On You Will Go

And when you’re alone, there’s a very good chance
you’ll meet things that scare you right out of your pants.
There are some, down the road between hither and yon,
that can scare you so much you won’t want to go on.

But on you will go
though the weather be foul
On you will go
though your enemies prowl

On you will go
though the Hakken-Kraks howl
Onward up many
a frightening creek,
though your arms may get sore
and your sneakers may leak.

On and on you will hike
and I know you’ll hike far
and face up to your problems
whatever they are.

~ Dr. Seuss

It took every ounce of courage I could muster to send my older daughter to school this morning. I was glad when my younger daughter, my first grader, woke up with a sore throat and a fever. She could stay home today. I know so many of you had a big knot in your stomach this morning too and a lump in your throat as you gave your children a hug and a kiss goodbye. I thought of all of you. I thought of the teachers and emailed them to say thanks and give them a virtual hug.

I am so shaken.

I cannot get myself to read the tributes to the little first graders in Newtown. I imagine how impossible it must have been for a parent, presumably the dad, to take pen to paper and jot down in a few sentences what their child meant to them, who he or she was, what they liked and who they wanted to become when they grew up.

How to sum up in a few sentences the warmth of a little hand that squeezes  yours tightly when crossing a street?  How to describe the pure joy they bring by just skipping alongside us or laughing at the silliest things? How to enumerate their achievements: an entire night in their own bed, a chapter book read start to finish, sitting at the table for the entire meal? How to explain their uniqueness, the way they touch your face, or won’t wear a particular pair of tights or need their food not to touch their other food? How do you describe your child in a few sentences?  In a single photograph?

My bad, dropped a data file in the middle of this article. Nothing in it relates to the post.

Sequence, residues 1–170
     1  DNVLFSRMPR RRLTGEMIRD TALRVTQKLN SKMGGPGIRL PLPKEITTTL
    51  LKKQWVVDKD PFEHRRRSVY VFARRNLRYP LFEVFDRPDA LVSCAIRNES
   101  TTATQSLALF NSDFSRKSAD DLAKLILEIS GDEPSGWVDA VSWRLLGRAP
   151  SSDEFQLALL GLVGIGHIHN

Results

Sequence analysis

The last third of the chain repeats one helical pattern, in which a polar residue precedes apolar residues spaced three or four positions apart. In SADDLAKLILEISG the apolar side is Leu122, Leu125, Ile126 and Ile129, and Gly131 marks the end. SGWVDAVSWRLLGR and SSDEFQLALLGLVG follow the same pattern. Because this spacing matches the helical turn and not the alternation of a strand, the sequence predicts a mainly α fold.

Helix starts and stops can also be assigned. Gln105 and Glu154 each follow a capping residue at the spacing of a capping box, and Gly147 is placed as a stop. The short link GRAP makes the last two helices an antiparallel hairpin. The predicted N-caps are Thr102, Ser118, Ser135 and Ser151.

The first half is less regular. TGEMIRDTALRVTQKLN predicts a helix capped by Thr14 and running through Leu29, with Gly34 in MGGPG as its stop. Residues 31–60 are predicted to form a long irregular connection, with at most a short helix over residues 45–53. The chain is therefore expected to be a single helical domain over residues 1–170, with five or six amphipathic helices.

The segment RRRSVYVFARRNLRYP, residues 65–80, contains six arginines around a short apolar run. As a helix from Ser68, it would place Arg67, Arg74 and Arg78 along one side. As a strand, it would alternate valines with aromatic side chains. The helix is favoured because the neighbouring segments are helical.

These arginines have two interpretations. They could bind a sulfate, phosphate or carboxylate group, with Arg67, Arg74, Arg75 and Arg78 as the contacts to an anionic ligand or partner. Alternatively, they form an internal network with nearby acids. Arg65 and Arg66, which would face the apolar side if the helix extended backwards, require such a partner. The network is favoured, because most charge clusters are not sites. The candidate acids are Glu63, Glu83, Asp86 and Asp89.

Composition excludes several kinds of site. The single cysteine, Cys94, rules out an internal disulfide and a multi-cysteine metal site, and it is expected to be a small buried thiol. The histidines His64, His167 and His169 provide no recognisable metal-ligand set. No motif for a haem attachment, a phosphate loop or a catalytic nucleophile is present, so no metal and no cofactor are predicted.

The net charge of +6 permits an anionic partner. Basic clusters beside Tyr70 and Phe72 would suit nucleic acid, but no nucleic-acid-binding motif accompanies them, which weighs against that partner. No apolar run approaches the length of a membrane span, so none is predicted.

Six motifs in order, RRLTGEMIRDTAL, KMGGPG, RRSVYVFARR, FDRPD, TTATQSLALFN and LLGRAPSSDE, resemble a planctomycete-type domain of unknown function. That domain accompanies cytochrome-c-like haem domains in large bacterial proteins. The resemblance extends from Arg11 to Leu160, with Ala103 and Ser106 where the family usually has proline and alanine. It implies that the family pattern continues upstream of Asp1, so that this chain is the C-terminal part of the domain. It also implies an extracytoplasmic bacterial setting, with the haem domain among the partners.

My heart breaks twenty times over for the beautiful children of Newtown, Connecticut.

This morning I had a moment of clarity. In the talk of guns and mental health and video games and everything else that can be blamed, I looked inward. What can we do? We can be kinder. We can step outside of ourselves, outside of our platitudes and self absorption, outside our personal space and comfort zones and step into kindness. Offer a smile, a kind gesture, a hug. Don’t do it because someone knows about it or someone is looking or because our churches and temples tell us to do it. Do it because kindness spreads. I have seen this with my own eyes and believe it to the core of my being. One good deed leads to another. And another. And another.
On you will go.

xo, Rashmi

 

PS: Thanks you to my dear friend Tara who shared the Dr. Seuss poem with me. xo

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